While the sale of solid organs has been illegal in the United States since 1984, compensation for sperm and eggs has been permitted under the guise of compensating "donors" for the time, exertion and risk entailed in the harvesting process. No legislation yet places any specific limits on such remuneration. However, the American Society for Reproductive Medicine rather arbitrarily established voluntary guidelines in 2007 that cap payments to egg "donors" at $5,000 generally and at $10,000 with "justification." That Alabama-based professional organization's code also prohibits payments based upon attributes of the donor--such as ethnicity, height or SAT score. Failure to follow these principles denies fertility clinics and physicians the ethical imprimatur of the ASRM, and the policy implicitly suggests that offering larger sums for ova is inappropriate. Now a study conducted by Aaron D. Levine, a leading bioethicist at the Georgia Institute of Technology, and published in the prestigious Hastings Center Report, documents what anyone who has ever perused the bulletin boards and campus newspapers at Ivy League universities already knows: Many fertility recruiters are offering far in excess of these amounts to young women who meet narrow specifications in terms of age, appearance and talent. Some media outlets have attempted to portray these payments, which run as high at $50,000 in advertisements at Brown University and $35,000 in ads at Harvard and Yale, as unethical. Legislatures in Oklahoma and Arizona, under pressure from in vitro fertilization opponents and the anti-abortion lobby, have even recently debated prohibiting all compensation. A far better approach would be to scrap the guidelines entirely and to embrace an open market for eggs as both ethical and socially desirable.
The primary purpose behind the ASRM's payment caps appears to be concern that higher reimbursement rates will lead to the exploitation of women. Among the risks of egg donation cited by the ASRM's official statement of the matter are "some risk of unintentional pregnancy" because donors must temporarily suspend the use of hormonal contraceptives, some risk of short-term morbidity, an unclear risk of long-term health consequences, a "remote" risk of mortality, and a concern that young women may "dismiss the potential psychologic consequences of donation." Women choosing to donate eggs should certainly be informed that egg harvesting is not risk-free. Some donors develop ovarian hyperstimulation syndrome. Other possible but rare risks include ovarian torsion, cyst ruptures and averse reactions to anesthesia. Moreover, although no long-term medical consequences have yet been demonstrated, health authorities would be wise to track donors over time to ensure that the process is truly as safe as it appears. What is unclear to me is why these risks are any less threatening to women receiving $5,000 per egg than to women receiving $50,000. In other fields of endeavor, from military service to fire prevention, we compensate people more for assuming greater risks. Why then, when the enterprise is one of the few for which women are uniquely suited, do we suddenly decide that additional money will overwhelm common sense? No reasonable person would suggest paying firefighters minimum wage in order to keep them from being exploited by underestimating the dangers of extinguishing blazes. Like firefighters, women who provide their eggs to infertile and gay couples, and increasingly to single women, perform a valuable public service for which they deserve financial rewards commensurate with the sacrifice.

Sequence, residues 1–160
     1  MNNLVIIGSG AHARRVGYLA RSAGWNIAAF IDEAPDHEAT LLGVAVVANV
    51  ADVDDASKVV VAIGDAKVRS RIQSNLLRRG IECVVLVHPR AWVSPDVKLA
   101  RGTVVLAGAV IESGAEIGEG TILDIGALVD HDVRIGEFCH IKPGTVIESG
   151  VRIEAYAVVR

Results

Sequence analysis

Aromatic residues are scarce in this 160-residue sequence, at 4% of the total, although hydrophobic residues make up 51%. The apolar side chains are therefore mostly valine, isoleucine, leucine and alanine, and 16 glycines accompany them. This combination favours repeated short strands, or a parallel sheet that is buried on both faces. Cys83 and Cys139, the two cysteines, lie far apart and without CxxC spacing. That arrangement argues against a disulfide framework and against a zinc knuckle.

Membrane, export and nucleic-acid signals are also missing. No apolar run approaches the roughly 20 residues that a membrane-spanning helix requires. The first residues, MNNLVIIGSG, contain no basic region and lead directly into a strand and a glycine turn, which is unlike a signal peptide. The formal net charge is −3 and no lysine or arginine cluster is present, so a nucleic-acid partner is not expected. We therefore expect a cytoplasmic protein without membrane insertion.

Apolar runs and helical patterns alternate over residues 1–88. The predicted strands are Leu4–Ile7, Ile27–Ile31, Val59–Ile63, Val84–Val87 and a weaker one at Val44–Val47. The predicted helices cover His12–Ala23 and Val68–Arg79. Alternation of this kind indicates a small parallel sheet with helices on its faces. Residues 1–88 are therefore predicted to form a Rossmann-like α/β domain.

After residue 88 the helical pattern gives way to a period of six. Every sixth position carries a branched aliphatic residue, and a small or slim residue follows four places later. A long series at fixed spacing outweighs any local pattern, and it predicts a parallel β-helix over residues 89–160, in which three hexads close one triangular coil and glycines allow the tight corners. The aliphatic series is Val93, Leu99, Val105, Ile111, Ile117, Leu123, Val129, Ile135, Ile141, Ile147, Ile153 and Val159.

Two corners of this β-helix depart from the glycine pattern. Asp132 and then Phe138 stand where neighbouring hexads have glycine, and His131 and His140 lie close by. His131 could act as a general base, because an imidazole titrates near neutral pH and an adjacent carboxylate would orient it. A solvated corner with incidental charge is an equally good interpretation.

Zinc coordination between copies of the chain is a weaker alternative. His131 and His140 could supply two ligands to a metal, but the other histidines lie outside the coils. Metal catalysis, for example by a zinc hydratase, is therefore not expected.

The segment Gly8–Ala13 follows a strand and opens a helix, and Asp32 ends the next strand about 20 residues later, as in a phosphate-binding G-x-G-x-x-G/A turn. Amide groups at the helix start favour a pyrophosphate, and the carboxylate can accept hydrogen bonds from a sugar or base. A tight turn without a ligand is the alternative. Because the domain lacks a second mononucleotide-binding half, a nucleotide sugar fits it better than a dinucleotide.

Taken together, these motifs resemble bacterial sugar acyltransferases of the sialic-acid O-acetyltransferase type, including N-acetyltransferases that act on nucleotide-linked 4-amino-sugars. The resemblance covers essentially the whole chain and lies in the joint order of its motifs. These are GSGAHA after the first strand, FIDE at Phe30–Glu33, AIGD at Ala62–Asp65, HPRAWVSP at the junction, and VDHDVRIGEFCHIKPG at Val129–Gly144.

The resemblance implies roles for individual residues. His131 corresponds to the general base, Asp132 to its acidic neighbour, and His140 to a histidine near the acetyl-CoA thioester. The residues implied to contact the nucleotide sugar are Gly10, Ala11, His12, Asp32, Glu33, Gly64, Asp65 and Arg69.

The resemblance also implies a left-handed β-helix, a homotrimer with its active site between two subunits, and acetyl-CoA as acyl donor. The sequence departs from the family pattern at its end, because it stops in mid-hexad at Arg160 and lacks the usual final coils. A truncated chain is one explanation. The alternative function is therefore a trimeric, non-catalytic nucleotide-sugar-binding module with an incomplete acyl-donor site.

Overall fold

It is conceivable that some egg "donors" will suffer negative psychological consequences -- much as people of either gender can second-guess any life decision. However, other "donors" will use their $50,000 to help pay for an education or to start a business. If we are to have price-controls for egg donation that exist in no other fields, proponents have a burden to explain why such donation is any more exploitative than working low-paying service jobs at McDonald's or Wal-Mart. Egg selling commodifies eggs no more than wage labor commodifies workers. The great irony, of course, is that most cap proponents are not suggesting that women escape the risks of donation. Instead, they will allow women to assume such risks, but then deny them fair market value for their services.